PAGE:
How to Wake Up Without Feeling Sluggish
In our never-ending list of things we dislike, waking up early is right up there with aeroplane snorers and the end of summer Fridays. It’s not so much the early wake-up call, though, as it is the groggy, zombie-like state that comes with it. You know the feeling: that sluggish, exhausted “I’d give up my life savings to sleep for 10 more minutes” state of alertness (or rather lack thereof) that usually accompanies early mornings—or, like, every morning.
By now, we’ve mastered how to fall asleep more quickly, so why shouldn’t we also know how to wake up bright eyed and bushy tailed? To help us in this quest, we enlisted Dr. Britney Blair, psychologist and sleep expert at SleepRate (an app that aims to help people sleep better), to show us the light (literally, it turns out). Keep scrolling to find out all the things you should do to wake up feeling more alert!
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First things first—before you figure out how to kick your morning grogginess to the curb, you should understand why you feel that way. “Most people are sluggish when they initially wake up due to something we call sleep inertia,” Blair says. “Sleep inertia is that period of time—it typically ranges from 30 to 60 minutes—immediately after waking that your body feels heavy and your brain a bit foggy. Some people might also feel a bit grumpy.” Yes, yes, and yes—that all sounds exactly like the range of our morning emotions. But here’s something new: Blair says that though most people experience a short period of sleep inertia, it might be more intense for night owls than for morning people. (Don’t cry, night owls—we’ve got some tricks to help you become more like a morning person.)
So basically, sleep inertia happens to everyone and is completely normal—but there are some things you can do to decrease the length of time and how intensely you feel it. Here are a few…
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Here’s a challenge: Each time your alarm goes off this week, get up and fling your curtains open to let light in. Why? “Getting bright light first thing in the morning can be super helpful in anchoring your biological clock to a regular time,” Blair says. “Ultimately, this will lead to more morning alertness and less-intense sleep inertia.” If you’re lucky enough to sleep in a room with lots of windows, try sleeping with the blinds slightly open so daylight can filter in naturally—you might even wake up before your dreaded alarm. Speaking of alarms…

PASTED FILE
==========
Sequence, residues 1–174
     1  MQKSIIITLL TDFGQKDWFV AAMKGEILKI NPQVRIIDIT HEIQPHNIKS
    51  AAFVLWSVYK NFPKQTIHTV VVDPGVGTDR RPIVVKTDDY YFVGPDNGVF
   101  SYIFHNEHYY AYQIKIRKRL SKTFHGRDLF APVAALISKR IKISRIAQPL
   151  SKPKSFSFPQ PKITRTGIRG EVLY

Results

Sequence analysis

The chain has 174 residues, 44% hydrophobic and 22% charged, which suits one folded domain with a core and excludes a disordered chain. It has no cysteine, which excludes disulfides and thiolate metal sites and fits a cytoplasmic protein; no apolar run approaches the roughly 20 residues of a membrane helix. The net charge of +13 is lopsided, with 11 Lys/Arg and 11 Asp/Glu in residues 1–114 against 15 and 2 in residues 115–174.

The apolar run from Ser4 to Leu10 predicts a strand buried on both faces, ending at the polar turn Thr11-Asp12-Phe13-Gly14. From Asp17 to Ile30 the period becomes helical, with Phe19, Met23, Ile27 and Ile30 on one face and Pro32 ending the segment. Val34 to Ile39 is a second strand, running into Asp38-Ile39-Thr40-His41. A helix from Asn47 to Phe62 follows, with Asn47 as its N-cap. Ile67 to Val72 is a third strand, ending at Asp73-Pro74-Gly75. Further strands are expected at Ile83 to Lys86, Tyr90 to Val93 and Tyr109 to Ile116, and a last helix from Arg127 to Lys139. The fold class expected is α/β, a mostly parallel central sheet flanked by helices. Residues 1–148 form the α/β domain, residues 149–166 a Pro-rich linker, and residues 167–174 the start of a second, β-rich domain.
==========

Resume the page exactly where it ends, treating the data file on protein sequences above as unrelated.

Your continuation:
You’d be hard-pressed to find anyone who actually enjoys the sound of an alarm—but Blair says your best alarm is your internal clock. “If you consistently wake up at the same time every day using an external alarm, you may find that after a few weeks, your body will naturally wake you 10 to 20 minutes before your alarm sounds,” she says. And yes, this—unfortunately—includes weekends. As for the type of alarm sound that’s most conducive to beating the a.m. haze, Blair says it’s really up to you. “Some people enjoy an alarm that isn’t loud or obnoxious, while others need the volume and annoyance to get out of bed,” she says. “Use whatever alarm helps facilitate you waking at the same time every day—weekday and weekend.” Ready for some more tips? Here you go…
Contrary to popular belief, Blair says that it isn’t actually as important that you’re going to bed at the same time every night as it is to give your brain and body time to unwind before bed—30 to 60 minutes is ideal. “The most important thing you can do in order to wake up feeling refreshed is to make sleep a priority,” she says. “The best rule of thumb would be to stop working, doing housework, and using electronic devices at the same time each night in order to give your brain and body time to unwind.” After you’ve had 30 to 60 minutes to unwind and prepare for sleep, you can head to bed—but only if you’re feeling sleepy. If you try to force yourself to go to bed before you feel tired, it can result in difficulty falling asleep and a groggier morning.
Ice Cube said it best: Check yoself before you wreck yoself. This applies to the quality of your sleep, too. If you’re following all of these above rules and still find yourself waking up super exhausted and groggy, you might need to talk to a healthcare professional. “If you snore chronically, have frequent nightmares, or jerk or move around excessively in our sleep or just before getting to sleep, you may be at risk for a sleep disorder than can impact sleep quality,” Blair says.
As much as we wish we ate dinner right at 6:30 p.m. each night, that usually isn’t the reality. However, if you find yourself starving before bed, resist the urge to stuff your face. Instead, Blair says to try a small snack, like a piece of fruit, cup of yogurt, or handful of nuts, instead. These will soothe your hunger without causing your digestive system to work extra hard in the middle of the night, when you should be resting and recuperating.
Yet another annoying thing stress is doing to your body? Affecting your sleep, that’s what. “Check in with yourself and determine how stressed out you are on any given day,” Blair says. “If you feel you are running hard with little downtime, consider taking a ‘time-out’ before bed to give your mind time to unwind.” We suggest meditating or doing one of these easy stress-relieving tricks. Be in touch with yourself and promise to do something soothing before bed to ease your mind (and increase your morning alertness) if you’ve had a particularly stressful day.
Will you try these tips? Click here to find out the best sleep conditions, according to science!